Devender Kumar – Bar manager, 8½ Otto e Mezzo Bombana (Hong Kong)

“Simplicity – fewer garnishes and elaborate drinks. In a glass, it’s more about flavour than anything else to me.”

Ross Woodford – Founder/bartender, Life on Mars (Shenzhen)

“No more stupid garnishes on crap drinks. I get it – KOL culture is a thing – but if I have to bring a machete to get through the garnish to my drink, which just turns out to be a vodka sour with buzzwords, I’m gonna scream.”

Samuel Ng – Asia trade relations manager and brand ambassador, Four Pillars Gin

“In Asia specifically, I would love to see a shift from over technical, super complicated cocktail bars, to places with personality that focus on the fun of being in their space (even though they may still be serving technical and complicated drinks)… The prevalence of local ingredients is wonderful and keeps things very interesting, but restraint and balance in flavour would truly make this a wonderful concept to keep growing.”

Better product knowledge, new spirits, and rum

Jay Khan – Founder, Coa (Hong Kong)

“Overall this last year has been a step forward for bars in Asia. For 2020, I guess if I really have to say, maybe experiment a little more with spirits that are not mainstream; spirits that are adventurous –for example, using raicilla, clairin, shochu and baijiu, even in tiny measurements – it helps add unique flavour to cocktails. After all, we are bartenders and we love exploring new flavours.”

Ross Woodford – Founder/bartender, Life on Mars (Shenzhen)

“I’d like to see more rum – it’s one of my favourite spirits, and recently there’s been a lot of talk in Western media about making a better and more understandable classification for it to help consumers understand it and make it approachable. I think being so all over the place has held it back for a long time.”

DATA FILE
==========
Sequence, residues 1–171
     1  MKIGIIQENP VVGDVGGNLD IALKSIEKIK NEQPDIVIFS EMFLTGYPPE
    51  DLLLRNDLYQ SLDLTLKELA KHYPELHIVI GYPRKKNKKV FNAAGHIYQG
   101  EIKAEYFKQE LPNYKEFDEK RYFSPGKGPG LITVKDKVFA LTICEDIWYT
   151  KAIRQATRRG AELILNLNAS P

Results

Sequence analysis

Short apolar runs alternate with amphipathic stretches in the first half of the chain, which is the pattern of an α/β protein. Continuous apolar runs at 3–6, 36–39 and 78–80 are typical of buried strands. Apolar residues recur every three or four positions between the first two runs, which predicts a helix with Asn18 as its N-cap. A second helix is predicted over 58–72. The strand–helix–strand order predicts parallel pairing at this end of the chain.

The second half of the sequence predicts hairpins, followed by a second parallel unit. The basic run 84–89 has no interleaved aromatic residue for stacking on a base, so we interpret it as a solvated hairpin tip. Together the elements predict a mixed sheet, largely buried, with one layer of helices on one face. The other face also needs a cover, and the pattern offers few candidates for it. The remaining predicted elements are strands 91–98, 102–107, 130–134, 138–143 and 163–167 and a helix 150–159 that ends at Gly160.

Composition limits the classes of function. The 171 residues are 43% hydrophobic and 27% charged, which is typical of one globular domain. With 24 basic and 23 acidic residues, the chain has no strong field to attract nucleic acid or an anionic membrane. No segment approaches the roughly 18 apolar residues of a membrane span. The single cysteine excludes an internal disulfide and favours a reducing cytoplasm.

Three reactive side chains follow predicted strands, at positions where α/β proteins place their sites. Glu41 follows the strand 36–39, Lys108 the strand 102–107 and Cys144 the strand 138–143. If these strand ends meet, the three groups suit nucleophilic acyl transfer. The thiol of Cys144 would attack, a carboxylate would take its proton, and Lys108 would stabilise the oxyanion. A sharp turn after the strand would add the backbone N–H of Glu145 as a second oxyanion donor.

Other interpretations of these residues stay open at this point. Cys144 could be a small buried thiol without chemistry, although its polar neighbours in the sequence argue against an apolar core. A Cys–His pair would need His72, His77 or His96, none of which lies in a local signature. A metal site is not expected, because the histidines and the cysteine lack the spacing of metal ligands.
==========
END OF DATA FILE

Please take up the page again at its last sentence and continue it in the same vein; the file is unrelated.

Alvin “Loco” Nimal George – Bar head, Coley (Kuala Lumpur)

“More education! For products, I’d like to see detailed information shared – how to use and apply products in constructing cocktails; how to use them to twist classics; new methods for creating drinks. I really hope someone will put in more effort into educating bartenders so we have overall better knowledge, which we can then share with our customers.”

Rogerio Igarashi Vaz – Co-owner/chief bartender, Bar Trench (Tokyo)

“Over the past three or four years I’ve heard that rum would be the next trend spirits – in 2019, I could see a small measurable growth on rum consumption in our bars, and 2020 will probably see it continue to grow. I’m interested to see if rum becomes the next big trend, and if so, how big it will become.”

Local ingredients and getting serious about sustainability

Andrew Ho – Owner/cofounder, Hope & Sesame and Charlie’s (Guangzhou)

“I hope to see bars taking a more holistic approach to sustainability – eliminating single-use plastic items is a good start, but that barely scratches the surface. Big brands should take more responsibility and accountability in this movement; developing training courses, reward systems and also competitions for sustainability. We need to demand accountability for sustainability from our partners as well – that’s the only way we can make a larger impact as an industry.”

Ross Woodford – Founder/bartender, Life on Mars (Shenzhen)

“We started with getting rid of plastic straws this year in China, which is fantastic – next year I’d like to see more organised bottle recycling from both bars and brands. Plus, more use of biodegradable packaging for well… everything.”

Vanessa Rabadon – Head bartender, NoKal (Manila)

“I would like to see more Filipino bartenders use local ingredients in bars. There are still lots of local ingredients that can be found in our provinces which even Filipinos are not familiar with – through this will be able to let the people experience something unique and different when it comes to taste.”